To keep your sugar glider healthy it is important that they have a clean environment. Suburban Vet recommends “A complete change of bedding and thorough cleaning of entire cage contents should occur at least three times weekly.” 
Do not overclean your sugar gliders cage. These social animals are scent-driven and mark their territories based on the scents that surround them.
If you clean the cage or their accessories a bit too much those scent marks will be washed away and the gliders might feel anxious or stressed out. It’s about finding the right balance for the physical and mental health of your pet.
The best way to do this is to set a specific cleaning schedule. One good tip I learned from another sugar glider parent is to set intervals to clean particular things instead of washing everything at once.
How To Clean Sugar Glider Cage Properly?
In order to clean and sanitize your sugar glider’s cage, you must start off by removing all visible dirt visible within the cage.
Throw out leftover pieces of food and wipe off any urine or any feces you can see.
Take out all accessories such as water bottles, food dishes, cage blankets, nesting boxes, water bowls, sugar glider toys, etc. Put them in a mixture of hot and soapy water solution to soak until you’re done cleaning the cage.
Use a spray bottle to spray the entire cage with hot water to soften the rust residue and debris that has soiled the cage, and continue cleaning it with a safe material.
Scrub the cage thoroughly and disinfect it with the right kind of disinfectant.
ALSO CHECK: How to Keep Sugar Glider Cage From Stinking
For an easy method of cage cleaning, check out this video tip.
It’s Only a Little Rust, What’s the Big Deal?
The question is often asked, “Is rust dangerous for caged animals?” The answer is yes. Rust can be a serious health hazard for caged animals.
If you are raising a sugar glider or if you are caring for one that is kept in a cage, it is important to know the risks of rust and how to prevent it.
Cages can be made of many different materials and rust can still form on several of these. If your pet has been exposed to rust, it’s possible their health is at risk.
It is a good time to re-evaluate the situation and provide your animal with more appropriate living conditions.
Is Rust Dangerous For Sugar Gliders?
Rust consists of a fatal bacteria known as tetanus. Proper treatment is required or your pet glider may die.
Sugar gliders that get cuts from a rusted cage could lead to them falling very sick.
To protect your pet from developing health issues due to living in a rusted cage, you should act immediately. Try some of the solutions I’ve provided here or consider purchasing a new rust-free cage.
What material should a sugar glider cage be?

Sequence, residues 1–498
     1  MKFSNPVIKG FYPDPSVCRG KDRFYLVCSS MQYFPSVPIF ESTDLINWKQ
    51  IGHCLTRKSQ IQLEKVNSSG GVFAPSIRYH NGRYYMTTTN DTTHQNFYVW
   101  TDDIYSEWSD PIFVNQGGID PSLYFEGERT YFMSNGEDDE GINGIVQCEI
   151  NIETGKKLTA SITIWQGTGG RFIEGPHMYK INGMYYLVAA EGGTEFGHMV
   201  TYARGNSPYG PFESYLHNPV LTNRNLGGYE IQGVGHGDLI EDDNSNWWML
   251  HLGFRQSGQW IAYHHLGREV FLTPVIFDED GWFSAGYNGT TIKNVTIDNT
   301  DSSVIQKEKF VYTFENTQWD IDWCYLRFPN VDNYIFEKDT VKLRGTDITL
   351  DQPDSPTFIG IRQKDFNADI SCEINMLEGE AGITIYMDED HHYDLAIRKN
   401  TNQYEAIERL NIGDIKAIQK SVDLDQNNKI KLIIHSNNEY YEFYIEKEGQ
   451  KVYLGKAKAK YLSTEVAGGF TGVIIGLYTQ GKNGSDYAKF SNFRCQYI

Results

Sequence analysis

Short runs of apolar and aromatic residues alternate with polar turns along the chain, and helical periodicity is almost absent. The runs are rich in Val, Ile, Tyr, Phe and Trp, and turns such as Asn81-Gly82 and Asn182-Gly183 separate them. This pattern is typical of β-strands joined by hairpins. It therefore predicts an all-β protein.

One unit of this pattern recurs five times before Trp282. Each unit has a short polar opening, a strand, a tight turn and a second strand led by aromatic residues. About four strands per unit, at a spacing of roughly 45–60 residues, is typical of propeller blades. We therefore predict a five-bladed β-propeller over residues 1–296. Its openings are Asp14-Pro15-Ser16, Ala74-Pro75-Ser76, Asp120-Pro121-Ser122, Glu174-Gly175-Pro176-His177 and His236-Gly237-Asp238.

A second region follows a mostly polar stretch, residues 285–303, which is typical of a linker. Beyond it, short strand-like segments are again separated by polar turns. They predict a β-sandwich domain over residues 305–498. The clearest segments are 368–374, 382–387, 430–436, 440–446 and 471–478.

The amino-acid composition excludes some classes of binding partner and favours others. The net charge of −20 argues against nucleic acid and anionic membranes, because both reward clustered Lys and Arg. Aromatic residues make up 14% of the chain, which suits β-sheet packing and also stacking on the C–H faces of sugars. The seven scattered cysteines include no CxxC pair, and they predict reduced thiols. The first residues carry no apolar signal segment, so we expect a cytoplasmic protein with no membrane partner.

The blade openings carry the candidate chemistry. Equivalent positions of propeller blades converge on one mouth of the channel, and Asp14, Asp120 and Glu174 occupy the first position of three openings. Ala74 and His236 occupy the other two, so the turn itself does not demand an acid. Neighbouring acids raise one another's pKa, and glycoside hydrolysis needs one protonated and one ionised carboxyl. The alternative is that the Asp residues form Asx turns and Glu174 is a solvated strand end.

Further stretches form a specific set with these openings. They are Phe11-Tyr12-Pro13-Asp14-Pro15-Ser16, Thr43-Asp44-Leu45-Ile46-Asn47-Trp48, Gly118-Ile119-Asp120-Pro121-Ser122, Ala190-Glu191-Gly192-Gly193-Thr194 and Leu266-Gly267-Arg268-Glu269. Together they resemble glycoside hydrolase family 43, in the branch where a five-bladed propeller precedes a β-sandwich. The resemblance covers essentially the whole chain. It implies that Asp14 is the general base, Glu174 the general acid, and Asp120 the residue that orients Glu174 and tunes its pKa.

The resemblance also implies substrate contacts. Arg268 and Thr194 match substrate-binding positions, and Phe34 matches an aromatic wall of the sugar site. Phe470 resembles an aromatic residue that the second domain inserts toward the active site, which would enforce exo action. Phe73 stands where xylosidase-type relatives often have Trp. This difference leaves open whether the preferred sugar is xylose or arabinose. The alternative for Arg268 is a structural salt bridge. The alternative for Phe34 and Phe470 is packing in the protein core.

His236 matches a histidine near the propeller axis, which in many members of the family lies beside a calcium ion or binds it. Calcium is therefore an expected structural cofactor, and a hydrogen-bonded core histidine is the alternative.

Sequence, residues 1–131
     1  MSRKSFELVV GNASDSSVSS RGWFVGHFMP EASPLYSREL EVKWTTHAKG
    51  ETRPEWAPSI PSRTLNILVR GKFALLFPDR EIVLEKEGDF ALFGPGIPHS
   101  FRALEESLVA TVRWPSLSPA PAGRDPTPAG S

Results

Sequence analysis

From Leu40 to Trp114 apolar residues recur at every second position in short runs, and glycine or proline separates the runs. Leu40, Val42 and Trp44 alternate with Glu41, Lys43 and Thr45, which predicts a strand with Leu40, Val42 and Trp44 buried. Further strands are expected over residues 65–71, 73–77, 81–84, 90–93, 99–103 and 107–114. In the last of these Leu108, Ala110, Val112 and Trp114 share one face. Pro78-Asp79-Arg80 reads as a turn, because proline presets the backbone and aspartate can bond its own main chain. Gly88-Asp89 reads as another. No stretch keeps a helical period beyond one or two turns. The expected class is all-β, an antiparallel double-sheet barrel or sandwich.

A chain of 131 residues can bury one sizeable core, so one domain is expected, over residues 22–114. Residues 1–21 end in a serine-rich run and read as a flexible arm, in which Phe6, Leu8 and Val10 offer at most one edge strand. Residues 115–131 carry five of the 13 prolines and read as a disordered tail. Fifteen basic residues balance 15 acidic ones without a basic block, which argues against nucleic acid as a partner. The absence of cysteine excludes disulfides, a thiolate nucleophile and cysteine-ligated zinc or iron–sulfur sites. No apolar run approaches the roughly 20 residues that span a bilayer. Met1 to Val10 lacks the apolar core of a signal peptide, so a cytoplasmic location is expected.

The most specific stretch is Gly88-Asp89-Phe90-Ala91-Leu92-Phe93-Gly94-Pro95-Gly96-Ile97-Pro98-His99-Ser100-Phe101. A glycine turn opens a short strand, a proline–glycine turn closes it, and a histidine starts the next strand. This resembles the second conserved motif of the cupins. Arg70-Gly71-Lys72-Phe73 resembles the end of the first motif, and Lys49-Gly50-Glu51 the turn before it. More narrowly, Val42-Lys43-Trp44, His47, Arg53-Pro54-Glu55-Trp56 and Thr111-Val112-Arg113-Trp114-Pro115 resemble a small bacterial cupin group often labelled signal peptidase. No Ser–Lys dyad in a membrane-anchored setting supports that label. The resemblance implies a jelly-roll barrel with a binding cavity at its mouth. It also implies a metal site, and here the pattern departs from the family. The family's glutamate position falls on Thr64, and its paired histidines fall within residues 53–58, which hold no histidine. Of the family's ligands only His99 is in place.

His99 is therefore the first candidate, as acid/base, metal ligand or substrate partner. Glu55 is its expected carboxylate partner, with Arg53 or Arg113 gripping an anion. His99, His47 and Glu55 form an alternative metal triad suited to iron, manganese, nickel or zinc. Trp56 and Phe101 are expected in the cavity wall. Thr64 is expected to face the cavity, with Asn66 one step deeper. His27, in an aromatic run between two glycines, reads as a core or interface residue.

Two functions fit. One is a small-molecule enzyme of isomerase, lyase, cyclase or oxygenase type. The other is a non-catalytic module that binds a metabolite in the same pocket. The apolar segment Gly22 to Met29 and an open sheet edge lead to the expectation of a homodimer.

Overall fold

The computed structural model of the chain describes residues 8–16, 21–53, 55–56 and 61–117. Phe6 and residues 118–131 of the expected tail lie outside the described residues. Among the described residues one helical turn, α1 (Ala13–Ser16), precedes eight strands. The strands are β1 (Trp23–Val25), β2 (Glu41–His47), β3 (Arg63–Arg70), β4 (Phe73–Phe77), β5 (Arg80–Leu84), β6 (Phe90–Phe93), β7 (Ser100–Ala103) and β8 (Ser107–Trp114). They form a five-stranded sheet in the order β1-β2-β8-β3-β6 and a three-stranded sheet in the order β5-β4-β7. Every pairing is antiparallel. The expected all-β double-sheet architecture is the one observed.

A sugar glider cage should be made from a strong, rust-resistant, metal material. Chicken wire can also be used to make it a safe environment for your pets.
What do you put at the bottom of a sugar glider cage?
Put a layer of absorbent bedding on the bottom of the cage or removable tray.
What toys do sugar gliders like?
Sugar gliders like soft, noisy toys that they can chew and toys that they can carry easily.
Rust can be caused by moisture, high temperatures, or even certain chemicals. Rust is inevitable in many cases and it’s not always easy to avoid it.
It is important to keep your pet’s cage clean and sanitized for their safety so that they are put at risk of harmful diseases.
Rust in sugar glider cage should be prevented by all pet owners who want to maintain their glider’s health and happiness. Good cage maintenance will also extend the life of your glider’s home.
Have rust problems on your sugar glider cage? Let us know if you’ve found anything worth noting!
- (1) “9 Things You Should Never Clean with Vinegar.” Consumer Reports, www.consumerreports.org/cleaning/things-you-should-never-clean-with-vinegar-distilled-white-vinegar-a3336471803/.
- (2) Bhadu, Manish Kumar, et al. “Corrosion Study of Powder-Coated Galvanised Steel.” ISRN Corrosion, vol. 2013, 24 Mar. 2013, p. e464710, www.hindawi.com/journals/isrn/2013/464710/, 10.1155/2013/464710. Accessed 1 Apr. 2022.
- (3) “Refinishing Cages / Removing Rust | Beauty of Birds.” Www.beautyofbirds.com, www.beautyofbirds.com/refinishingcages.html.
- (4) Michele, Author. “Cleaning with Tea Bags 101: How to Use Tea Bags for Cleaning.” Cook Clean Repeat, 11 June 2021, cookcleanrepeat.com/cleaning-with-tea-bags/. Accessed 1 Apr. 2022.
- (5) “Unprecedented Detail on How Rust Happens.” ScienceDaily, www.sciencedaily.com/releases/2019/02/190204154033.htm.
- (6) Sugar Glider Care Guide. suburbanvet.com
Alina Hartley is a small-town girl with a ginormous love of bearded dragons. It all started with Winchester, a baby bearded who was abandoned at the shelter by his former owners because of a birth defect that caused one front leg to be shorter than the other. Alina originally went to the shelter looking for a guinea pig, but one look at Winchester and it was love at first sight. From that day on, Alina has dedicated her life to learning everything she can about bearded dragons. She loves helping new beardie parents start their incredible journey with these magnificent reptiles.